Another example is kuru, a fatal neurodegenerative disorder that can be spread via cannibalism and Creutzfeldt–Jakob disease, the human version of mad cow disease; these are disorders of protein structures in which the aberrant, misfolded form of particular proteins causes further misfolding and aggregation, spreading from victim to victim (1618). The disease, therefore, not only helps introduce the biophysics of proteins in terms of the endpoints of structure but also the dynamics of folding. Still more generally, protein folding serves as an archetype of the general principle of self-assembly.

A host of complex polygenic traits and diseases from height to the risk of cardiovascular disorders is now amenable to prediction thanks to stunning advances in DNA sequencing technologies. Sequencing single-nucleotide polymorphisms from a DNA sample suffices, for example, to predict one's height within an accuracy of about an inch (19) or to identify breast cancer risks several times greater than average (20). These sequencing techniques are made possible by the physical properties of DNA as a stiff, highly charged polymer that can lead to discussion of these properties and the consequences.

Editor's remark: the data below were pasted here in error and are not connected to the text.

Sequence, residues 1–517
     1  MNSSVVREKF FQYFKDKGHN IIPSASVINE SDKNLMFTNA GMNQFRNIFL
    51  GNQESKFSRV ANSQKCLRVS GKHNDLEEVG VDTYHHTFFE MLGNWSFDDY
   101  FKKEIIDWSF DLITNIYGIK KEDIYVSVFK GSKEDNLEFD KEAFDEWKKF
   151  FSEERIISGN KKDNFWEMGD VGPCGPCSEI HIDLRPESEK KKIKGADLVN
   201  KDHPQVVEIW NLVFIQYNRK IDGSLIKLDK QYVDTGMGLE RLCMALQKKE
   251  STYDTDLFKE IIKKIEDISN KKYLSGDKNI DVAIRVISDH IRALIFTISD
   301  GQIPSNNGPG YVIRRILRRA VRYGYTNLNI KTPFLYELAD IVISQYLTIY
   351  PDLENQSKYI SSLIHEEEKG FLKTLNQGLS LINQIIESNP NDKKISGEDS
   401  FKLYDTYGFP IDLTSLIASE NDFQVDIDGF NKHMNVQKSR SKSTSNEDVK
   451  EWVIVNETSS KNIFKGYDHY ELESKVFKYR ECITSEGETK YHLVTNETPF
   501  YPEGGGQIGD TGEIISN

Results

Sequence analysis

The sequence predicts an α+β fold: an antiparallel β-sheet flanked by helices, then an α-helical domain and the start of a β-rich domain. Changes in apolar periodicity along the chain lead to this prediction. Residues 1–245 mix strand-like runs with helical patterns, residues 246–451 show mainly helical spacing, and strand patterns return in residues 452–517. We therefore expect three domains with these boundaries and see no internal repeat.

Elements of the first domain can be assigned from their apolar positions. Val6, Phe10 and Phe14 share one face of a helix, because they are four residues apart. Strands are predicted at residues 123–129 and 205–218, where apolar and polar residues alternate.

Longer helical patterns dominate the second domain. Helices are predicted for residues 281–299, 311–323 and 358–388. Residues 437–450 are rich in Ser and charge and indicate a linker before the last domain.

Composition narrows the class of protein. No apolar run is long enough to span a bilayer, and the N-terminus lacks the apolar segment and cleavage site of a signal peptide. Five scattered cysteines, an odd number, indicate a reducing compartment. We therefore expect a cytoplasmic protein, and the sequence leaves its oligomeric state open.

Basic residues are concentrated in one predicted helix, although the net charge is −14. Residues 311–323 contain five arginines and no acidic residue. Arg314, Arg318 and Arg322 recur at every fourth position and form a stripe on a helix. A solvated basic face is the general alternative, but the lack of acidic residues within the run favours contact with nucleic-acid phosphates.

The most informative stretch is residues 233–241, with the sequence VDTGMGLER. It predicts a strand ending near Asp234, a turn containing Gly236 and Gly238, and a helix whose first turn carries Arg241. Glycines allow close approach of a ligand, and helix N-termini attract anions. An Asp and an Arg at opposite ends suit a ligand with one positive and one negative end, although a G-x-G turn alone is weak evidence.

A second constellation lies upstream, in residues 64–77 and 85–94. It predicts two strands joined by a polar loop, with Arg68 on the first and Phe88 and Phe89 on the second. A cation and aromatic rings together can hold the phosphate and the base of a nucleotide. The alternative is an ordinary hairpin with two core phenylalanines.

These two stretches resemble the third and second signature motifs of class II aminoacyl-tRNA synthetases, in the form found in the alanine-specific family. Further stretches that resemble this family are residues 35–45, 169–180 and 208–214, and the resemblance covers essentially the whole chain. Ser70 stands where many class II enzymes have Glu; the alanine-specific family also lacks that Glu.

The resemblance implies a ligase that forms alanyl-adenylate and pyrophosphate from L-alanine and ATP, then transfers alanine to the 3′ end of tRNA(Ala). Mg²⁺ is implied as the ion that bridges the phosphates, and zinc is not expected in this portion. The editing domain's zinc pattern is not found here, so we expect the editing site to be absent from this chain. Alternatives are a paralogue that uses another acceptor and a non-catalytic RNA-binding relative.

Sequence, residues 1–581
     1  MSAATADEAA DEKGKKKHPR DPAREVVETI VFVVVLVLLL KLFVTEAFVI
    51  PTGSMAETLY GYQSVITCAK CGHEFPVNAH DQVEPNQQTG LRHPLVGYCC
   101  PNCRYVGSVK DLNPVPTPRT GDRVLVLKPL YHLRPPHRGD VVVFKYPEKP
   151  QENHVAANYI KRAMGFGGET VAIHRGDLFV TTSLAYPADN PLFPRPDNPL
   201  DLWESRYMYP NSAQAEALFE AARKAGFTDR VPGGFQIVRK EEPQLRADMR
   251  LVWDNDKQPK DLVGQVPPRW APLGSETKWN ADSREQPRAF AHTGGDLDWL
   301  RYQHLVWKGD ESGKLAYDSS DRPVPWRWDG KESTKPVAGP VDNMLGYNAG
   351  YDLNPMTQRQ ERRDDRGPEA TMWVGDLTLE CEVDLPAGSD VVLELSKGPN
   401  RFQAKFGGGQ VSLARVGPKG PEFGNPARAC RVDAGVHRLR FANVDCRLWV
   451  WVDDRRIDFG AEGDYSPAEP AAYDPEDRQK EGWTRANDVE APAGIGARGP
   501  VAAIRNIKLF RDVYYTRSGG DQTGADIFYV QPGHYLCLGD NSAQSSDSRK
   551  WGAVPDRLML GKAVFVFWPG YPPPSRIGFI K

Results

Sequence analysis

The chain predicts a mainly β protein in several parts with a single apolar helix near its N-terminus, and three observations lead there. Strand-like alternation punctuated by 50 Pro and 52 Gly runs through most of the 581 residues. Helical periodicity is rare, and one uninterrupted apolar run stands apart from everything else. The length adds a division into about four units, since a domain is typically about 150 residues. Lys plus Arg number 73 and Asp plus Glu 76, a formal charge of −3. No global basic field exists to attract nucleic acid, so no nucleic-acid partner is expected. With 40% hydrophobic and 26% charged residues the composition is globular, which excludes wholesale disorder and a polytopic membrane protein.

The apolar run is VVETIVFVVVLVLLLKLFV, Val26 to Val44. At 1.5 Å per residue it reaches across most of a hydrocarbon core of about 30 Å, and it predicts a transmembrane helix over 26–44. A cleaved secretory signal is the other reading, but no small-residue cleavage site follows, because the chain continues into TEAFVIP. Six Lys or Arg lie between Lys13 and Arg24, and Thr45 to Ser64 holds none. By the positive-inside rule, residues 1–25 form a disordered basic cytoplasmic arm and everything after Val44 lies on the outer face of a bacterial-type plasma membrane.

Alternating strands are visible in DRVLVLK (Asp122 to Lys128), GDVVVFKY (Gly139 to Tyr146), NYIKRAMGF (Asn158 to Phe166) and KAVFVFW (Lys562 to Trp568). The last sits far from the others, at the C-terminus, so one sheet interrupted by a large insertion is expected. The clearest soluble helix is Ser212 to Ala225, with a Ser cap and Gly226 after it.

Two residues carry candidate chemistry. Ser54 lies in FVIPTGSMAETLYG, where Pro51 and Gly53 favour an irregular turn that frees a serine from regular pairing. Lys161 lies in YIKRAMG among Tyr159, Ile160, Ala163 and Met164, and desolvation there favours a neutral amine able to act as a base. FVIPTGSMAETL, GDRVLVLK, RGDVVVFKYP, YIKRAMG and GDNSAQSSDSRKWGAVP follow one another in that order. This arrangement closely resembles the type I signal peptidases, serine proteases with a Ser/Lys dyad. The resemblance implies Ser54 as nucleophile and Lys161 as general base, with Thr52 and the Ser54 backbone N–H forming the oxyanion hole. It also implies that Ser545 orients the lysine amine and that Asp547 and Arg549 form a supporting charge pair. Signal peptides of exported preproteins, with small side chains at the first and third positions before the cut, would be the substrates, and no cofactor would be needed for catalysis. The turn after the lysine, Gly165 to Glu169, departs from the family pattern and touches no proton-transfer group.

Additional examples abound. There are, of course, diseases caused by bacteria and viruses that are intensely studied by biophysicists, aspects of embryonic development mimicked by engineered organoids, and large-scale physiologic characteristics that arise from fluid and solid mechanical concerns. Health and disease are universal, visceral concerns.

Effective hooks other than disease also exist. References to new discoveries or cutting edge research are appealing, especially if the research was performed locally. It can, however, be challenging to make contemporary research comprehensible or to cut through the breathless embellishments of press releases.

Finally, note that many people, including me, are fascinated by nature, especially in the form of photogenic animals. Again, many biophysical principles can be introduced via aspects of organisms' structures or behaviors. For example, small insects can stand atop water, but you and I cannot, a consequence of the properties of surface tension, especially the scaling of force with size. Running on water, as basilisk lizards can do, adds further complexity and illustrates differences between dynamic and static stability. Large animals have disproportionately large leg bones, a consequence of biomechanics. I show in class live water striders and an elephant femur; both are memorable. Birds have small genomes (bird red blood cells, unlike mammals, contain a copy of genomic DNA, which must share the available space with oxygen-carrying hemoglobin) compared with most other animals, which has been suggested to be evolutionarily linked to the demands of powered flight (21, 22).